Romantic Comedy With a Queer Eye

By Michael O'Sullivan
Washington Post Staff Writer
Thursday, June 9, 2005

"We talk normally -- in English."

That's gay college student Kyle (Jim Verraros), explaining to his clueless, straight roommate, Caleb (Scott Lunsford), how to communicate with Marc (Ryan Carnes) during Caleb's first boy-boy date in "Eating Out," a silly romantic farce about sex-orientation switcheroos from first-time feature writer-director Q. Allan Brocka. Ah, if only that were true. Most of the gay characters here -- and even a few of the straight ones -- talk anything but normally, batting such a barrage of zingers, bon mots and pop culture references back and forth that each of them winds up sounding like a cross between Bruce Vilanch, Carson Kressley, Steven Cojocaru and a reincarnated Oscar Wilde.

"When he's around, my heart beats like a trailer-park husband," says Marc about Caleb, the heterosexual object of his homosexual affection who has recently been pretending to be gay to get the attention of Gwen (Emily Stiles), Marc's straight best friend and roommate, who has a thing for gays and gay-acting guys. Kyle, meanwhile, secretly likes Marc but is too shy to tell him. Confused? Wait till you get to the scene where Caleb, who's still pretending to be gay (and really well, I might add) has phone sex with Gwen while allowing himself to be, ahem, "serviced" by Marc. It may just be one of the hottest -- not to mention weirdest -- sex scenes I've seen lately.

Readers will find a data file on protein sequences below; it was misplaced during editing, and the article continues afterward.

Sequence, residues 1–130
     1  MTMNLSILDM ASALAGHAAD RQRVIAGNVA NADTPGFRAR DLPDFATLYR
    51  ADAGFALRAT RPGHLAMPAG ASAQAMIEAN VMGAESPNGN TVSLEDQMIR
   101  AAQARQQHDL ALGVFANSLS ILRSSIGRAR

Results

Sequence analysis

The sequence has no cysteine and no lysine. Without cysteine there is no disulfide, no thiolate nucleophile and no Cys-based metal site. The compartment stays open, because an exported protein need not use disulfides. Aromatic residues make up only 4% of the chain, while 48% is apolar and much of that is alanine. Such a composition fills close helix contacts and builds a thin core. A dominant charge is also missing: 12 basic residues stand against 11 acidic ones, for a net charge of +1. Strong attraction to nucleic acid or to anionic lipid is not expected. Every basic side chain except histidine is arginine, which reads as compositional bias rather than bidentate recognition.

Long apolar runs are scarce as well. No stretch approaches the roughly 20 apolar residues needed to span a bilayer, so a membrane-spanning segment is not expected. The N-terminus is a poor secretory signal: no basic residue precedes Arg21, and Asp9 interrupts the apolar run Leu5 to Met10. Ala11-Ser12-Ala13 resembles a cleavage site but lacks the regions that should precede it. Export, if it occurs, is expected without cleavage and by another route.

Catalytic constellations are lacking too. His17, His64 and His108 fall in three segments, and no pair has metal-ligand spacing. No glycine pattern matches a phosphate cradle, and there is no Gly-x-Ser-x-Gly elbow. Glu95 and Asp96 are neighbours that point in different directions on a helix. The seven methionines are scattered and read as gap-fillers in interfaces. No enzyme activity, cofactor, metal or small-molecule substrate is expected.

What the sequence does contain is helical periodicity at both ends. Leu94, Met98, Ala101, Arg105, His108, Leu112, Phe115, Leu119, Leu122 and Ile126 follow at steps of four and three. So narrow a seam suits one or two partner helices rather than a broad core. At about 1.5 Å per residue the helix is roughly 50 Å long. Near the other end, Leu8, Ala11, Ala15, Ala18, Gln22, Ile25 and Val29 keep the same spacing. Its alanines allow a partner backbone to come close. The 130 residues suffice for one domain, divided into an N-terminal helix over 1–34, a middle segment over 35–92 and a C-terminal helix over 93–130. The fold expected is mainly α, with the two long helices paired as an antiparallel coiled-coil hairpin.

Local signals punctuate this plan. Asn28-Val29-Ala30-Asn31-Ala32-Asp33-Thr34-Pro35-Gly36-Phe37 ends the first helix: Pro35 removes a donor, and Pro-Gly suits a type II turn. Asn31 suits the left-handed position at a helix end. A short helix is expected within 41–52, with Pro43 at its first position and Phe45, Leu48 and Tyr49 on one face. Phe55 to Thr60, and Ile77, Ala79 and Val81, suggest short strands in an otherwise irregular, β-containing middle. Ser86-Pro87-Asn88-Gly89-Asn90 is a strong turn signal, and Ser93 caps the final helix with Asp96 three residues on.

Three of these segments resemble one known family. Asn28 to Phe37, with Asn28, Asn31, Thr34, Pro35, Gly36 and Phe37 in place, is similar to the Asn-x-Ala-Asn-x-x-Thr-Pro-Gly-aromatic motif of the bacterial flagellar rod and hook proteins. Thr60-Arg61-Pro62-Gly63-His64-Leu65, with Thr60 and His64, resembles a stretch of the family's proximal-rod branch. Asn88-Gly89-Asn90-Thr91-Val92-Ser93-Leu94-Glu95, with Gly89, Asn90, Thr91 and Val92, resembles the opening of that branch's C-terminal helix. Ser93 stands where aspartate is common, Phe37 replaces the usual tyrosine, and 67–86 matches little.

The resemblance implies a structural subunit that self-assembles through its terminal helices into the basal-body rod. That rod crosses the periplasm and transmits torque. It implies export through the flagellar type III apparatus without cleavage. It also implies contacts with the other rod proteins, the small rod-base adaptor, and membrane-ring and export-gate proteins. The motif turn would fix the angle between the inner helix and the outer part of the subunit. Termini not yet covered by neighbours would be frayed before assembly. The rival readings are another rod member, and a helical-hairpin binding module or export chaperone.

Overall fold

My favorite moment, though? That comes later, when the still-straight Caleb is forced to "come out" during a dinner with his parents and little sister. The family's reaction, a parody of open-armed tolerance and acceptance, is hilarious, as well as a sweet touch of wishful thinking. Which, come to think of it, pretty much describes "Eating Out," a sweet and funny take on the crossed-wire romantic couplings of "A Midsummer Night's Dream," albeit one that, as filmmaker Brocka freely admits in his own production notes, is "way too gay" for Middle America.

Eating Out (Unrated, 90 minutes) -- Contains obscenity, nudity, scenes of sensuality and graphic sex talk. At Landmark's E Street Cinema.

© 2005 The Washington Post Company